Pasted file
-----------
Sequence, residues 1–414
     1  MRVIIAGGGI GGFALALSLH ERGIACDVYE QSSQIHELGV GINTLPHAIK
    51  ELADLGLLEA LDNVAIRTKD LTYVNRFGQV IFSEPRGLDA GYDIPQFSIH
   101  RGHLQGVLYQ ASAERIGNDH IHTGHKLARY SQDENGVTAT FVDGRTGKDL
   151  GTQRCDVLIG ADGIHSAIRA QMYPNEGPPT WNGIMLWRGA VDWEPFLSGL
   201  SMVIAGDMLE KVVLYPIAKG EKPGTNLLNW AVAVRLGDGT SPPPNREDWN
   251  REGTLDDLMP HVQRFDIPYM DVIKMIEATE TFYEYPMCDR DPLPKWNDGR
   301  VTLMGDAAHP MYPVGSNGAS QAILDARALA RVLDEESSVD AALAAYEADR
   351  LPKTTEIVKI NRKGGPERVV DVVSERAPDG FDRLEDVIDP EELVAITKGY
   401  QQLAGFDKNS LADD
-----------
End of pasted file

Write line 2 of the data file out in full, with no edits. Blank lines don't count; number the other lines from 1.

     1  MRVIIAGGGI GGFALALSLH ERGIACDVYE QSSQIHELGV GINTLPHAIK